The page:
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2003 Toyota Prius REVIEW

Edmunds.com logo Edmunds.com 4/6/2017

Con: Quirky looks, no standard CD player, no fold-down rear seat, more expensive than most other frugal economy sedans.

Compared to most modern passenger sedans, Prius is a few fries short of an automotive power Happy Meal. Its aluminum 1.5-liter four-cylinder engine makes 70 horsepower and 82 pound-feet of torque. The electric drive motor is worth another 44 peak horsepower; Toyota says the hybrid system's net horsepower rating is 98. A continuously variable transmission (CVT) is standard. Zero-to-60 mph takes 12.8 seconds, about three seconds slower than a comparable gasoline car.

But if all you are interested in is drag racing, big smoky burnouts and collecting John Force T-shirts, you're looking at the wrong car. What makes the Prius unique is that it is able to provide tolerable acceleration while also offering exceptional fuel mileage and squeaky-clean emissions. The EPA rates the Prius at 52 mpg in the city and 45 mpg on the highway, theoretically allowing over 600 miles between fill-ups. It also earns a Super Ultra Low Emissions Vehicle (SULEV) rating, which means the Prius is considerably cleaner than vehicles with LEV or even ULEV ratings.

Interior: Accommodations are surprisingly good for a small car, with upright seating positions and good outward visibility. Two adults will fit in the backseat without too much complaint, and the trunk holds 11.8 cubic feet of cargo, a capacity that is similar to other small cars. The rear seat does not fold down, however.

Body: The 2003 Toyota Prius is available only as a four-door sedan with one trim level. With this, you get plenty of standard equipment, such as automatic climate control, air conditioning, power windows and locks, power steering, antilock brakes and keyless entry. The only factory options are cruise control, a DVD-based navigation system, side-impact airbags and daytime-running lights. A CD player isn't included, though you can get a six-disc CD changer as a dealer accessory.

Safety: The Prius comes standard with antilock brakes. Front side airbags, should you want them, are optional. In the NHTSA's frontal crash tests, the 2003 Toyota Prius earned three stars (out of possible five) for driver safety and four stars for passenger safety.

Pro: Marathon fuel efficiency, roomy and comfortable interior.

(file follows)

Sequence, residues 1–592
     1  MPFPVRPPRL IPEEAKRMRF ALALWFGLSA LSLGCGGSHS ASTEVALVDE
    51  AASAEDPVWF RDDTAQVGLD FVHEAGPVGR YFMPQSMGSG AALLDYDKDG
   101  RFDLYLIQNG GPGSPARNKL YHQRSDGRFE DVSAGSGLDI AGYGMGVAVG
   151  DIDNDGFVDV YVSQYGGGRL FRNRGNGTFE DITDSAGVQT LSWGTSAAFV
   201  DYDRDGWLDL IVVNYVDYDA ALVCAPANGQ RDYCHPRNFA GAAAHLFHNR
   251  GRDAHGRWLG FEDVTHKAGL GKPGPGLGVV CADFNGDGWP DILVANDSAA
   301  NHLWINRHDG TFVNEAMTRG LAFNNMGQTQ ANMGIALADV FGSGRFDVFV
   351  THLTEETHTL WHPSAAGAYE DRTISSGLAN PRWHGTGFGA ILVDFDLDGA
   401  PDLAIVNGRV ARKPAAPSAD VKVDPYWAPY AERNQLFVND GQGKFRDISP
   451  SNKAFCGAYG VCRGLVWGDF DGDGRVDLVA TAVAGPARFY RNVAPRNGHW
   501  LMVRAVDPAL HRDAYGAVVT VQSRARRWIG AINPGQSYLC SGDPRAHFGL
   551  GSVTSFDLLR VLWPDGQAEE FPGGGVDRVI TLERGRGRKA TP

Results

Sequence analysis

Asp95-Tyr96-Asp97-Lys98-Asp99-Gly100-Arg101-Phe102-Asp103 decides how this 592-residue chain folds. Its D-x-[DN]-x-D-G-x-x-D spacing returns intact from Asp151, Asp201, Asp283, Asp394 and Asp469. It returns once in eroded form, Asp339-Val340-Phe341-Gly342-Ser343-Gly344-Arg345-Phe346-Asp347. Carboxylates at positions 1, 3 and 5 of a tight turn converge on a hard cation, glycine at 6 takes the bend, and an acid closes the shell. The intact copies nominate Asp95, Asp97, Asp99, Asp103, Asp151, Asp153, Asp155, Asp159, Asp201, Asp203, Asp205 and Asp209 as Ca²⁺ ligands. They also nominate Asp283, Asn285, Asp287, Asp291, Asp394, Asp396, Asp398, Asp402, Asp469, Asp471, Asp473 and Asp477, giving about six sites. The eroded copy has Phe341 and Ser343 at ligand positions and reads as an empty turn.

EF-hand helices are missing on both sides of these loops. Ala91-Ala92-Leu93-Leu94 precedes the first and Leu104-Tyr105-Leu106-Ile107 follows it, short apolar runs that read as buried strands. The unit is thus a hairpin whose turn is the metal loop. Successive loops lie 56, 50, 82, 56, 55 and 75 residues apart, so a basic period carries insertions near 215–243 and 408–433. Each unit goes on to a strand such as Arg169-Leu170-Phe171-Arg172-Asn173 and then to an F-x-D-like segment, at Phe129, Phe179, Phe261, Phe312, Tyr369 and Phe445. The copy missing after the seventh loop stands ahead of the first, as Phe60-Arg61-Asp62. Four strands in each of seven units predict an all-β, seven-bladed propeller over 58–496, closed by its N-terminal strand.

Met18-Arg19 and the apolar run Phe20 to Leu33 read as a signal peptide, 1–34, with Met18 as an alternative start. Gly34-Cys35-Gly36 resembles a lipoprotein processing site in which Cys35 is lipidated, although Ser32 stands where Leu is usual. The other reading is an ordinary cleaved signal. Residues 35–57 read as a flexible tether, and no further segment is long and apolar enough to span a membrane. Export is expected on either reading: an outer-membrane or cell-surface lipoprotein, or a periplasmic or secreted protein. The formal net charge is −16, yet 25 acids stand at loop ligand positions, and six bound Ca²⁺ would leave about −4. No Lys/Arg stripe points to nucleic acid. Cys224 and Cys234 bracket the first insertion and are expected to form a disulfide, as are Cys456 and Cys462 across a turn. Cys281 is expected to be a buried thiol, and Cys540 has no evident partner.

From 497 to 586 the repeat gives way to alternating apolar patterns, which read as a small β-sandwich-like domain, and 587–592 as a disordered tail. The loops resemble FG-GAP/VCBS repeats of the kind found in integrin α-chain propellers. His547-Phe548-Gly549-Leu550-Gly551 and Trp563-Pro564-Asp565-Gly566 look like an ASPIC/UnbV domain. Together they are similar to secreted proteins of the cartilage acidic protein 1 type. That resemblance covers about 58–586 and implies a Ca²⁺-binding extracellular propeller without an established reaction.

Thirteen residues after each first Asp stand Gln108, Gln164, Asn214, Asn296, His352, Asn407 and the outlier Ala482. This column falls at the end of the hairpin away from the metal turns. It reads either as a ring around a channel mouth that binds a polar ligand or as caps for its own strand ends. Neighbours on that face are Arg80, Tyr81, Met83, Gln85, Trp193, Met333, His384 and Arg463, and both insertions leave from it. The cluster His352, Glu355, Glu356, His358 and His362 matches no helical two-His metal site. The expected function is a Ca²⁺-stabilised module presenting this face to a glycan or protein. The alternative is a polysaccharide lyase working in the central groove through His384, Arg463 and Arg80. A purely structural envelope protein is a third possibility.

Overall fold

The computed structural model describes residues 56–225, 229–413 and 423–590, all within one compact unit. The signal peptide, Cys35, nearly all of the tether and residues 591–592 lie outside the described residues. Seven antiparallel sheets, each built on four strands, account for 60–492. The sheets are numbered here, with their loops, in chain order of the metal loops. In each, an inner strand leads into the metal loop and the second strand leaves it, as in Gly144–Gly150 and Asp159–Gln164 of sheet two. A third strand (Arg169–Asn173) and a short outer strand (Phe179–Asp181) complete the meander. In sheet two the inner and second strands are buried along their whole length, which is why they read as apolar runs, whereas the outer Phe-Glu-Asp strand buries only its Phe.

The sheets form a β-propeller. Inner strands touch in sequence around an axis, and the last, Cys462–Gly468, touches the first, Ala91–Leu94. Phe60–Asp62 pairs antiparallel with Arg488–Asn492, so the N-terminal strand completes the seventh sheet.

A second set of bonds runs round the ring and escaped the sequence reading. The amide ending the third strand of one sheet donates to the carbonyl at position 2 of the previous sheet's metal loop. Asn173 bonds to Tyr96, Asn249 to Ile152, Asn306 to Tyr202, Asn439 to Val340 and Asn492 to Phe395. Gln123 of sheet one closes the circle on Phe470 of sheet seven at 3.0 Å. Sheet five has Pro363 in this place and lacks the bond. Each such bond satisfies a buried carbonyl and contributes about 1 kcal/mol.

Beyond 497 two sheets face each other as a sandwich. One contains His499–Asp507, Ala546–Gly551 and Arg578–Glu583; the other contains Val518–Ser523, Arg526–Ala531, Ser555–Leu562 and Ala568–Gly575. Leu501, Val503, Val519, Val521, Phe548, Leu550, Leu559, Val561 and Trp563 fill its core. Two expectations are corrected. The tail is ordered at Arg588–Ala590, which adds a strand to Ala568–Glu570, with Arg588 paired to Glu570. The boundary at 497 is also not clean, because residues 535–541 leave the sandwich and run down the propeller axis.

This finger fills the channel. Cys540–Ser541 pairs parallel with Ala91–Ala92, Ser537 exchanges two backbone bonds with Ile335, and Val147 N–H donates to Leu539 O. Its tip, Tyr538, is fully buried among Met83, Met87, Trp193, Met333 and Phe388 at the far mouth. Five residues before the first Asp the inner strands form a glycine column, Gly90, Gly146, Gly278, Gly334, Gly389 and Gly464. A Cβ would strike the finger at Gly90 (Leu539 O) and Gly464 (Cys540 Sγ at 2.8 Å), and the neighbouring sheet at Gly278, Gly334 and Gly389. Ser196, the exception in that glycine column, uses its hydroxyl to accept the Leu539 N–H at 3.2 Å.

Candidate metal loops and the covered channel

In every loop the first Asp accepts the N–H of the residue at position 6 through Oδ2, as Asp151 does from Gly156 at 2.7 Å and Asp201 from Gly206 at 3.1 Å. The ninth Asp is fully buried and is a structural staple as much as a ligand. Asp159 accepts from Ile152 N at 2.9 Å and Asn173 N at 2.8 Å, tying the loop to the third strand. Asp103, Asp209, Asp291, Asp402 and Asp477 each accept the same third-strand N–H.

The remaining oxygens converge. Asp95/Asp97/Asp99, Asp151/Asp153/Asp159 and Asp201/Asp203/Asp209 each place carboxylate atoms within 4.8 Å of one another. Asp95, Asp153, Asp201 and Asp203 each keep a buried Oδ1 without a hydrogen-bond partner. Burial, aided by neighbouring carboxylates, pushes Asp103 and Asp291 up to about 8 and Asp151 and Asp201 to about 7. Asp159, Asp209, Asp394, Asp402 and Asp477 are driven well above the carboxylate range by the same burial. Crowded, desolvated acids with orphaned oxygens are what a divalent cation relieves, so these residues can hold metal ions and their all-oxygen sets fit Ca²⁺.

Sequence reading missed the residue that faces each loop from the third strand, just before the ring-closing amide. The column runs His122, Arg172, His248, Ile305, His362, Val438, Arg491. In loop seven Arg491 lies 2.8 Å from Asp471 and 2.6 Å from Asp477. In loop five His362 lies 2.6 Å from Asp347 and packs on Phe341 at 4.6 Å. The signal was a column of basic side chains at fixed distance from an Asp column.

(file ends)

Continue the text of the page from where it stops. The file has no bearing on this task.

Driving: At low speeds and during light throttle applications, the 2003 Toyota Prius relies completely on the electric motor for acceleration. This means that when the car is accelerating gently from a stop or driving around a parking lot, it might be doing it with 100 percent electrical power. The engine, meanwhile, is completely inert. In all other respects, the Prius pretty much drives like a regular car. Since it has a continuously variable transmission, there are no actual gears to select. The choices are simply park, reverse, neutral, drive or brake. Handling ability, as you might expect, is on the light side, but the Prius fairs well enough for its intended purpose.

Edmunds Say: One of the most interesting pieces of automotive hardware currently sold, the 2003 Toyota Prius is worth a look if you're shopping for a hybrid vehicle.

What’s New: The 2003 Toyota Prius, a hybrid-electric vehicle, is unchanged.

Introduction: Due to increased pressure from governments, automakers have been looking for ways to meet increasingly stringent demands for cleaner tailpipe emissions and higher fuel mileage. In the '90s, electric cars like GM's EV1 were thought to be the answer, but they are limited by poor range and the fact that they have to be "plugged in" in order to be recharged. Hydrogen-fueled fuel cell cars will some day be the ultimate evolution of the automobile, as their exhaust by-product is essentially water vapor. But the technology for fuel cell cars is still young, and mass-produced fuel cell cars are a number of years away.

For today and the near future, the best hope is hybrid-electric vehicles. Hybrid cars combine a gasoline engine with an electric motor. And since hybrids are still fueled by gasoline, they don't have to be plugged in or recharged. In the case of the Toyota Prius, the result of hybrid technology is reduced emissions and improved fuel efficiency when compared to a normal gasoline-powered car. The only fear has been that a hybrid vehicle would never be useful as a real car that real people would want to buy. With the Prius, Toyota has largely quieted those fears.

While the Prius became available to the American consumer in 2001, Toyota has been selling them in Japan since December 1997. Compared to earlier Prius models, U.S. versions feature more horsepower, additional emissions equipment and a more powerful battery pack that is also smaller and lighter.

There are only three mainstream hybrid-electric vehicles for sale in the United States. There's the Prius, the Honda Insight and the Honda Civic Hybrid. Up until this year, we felt the Prius was the best choice, as it was more versatile than the two-seat Insight. But the Civic Hybrid is all-new for 2003, and in many ways this "second-generation" hybrid vehicle is superior to the Prius. The Civic would be our choice for a hybrid vehicle, though the 2003 Toyota Prius is still worth considering.

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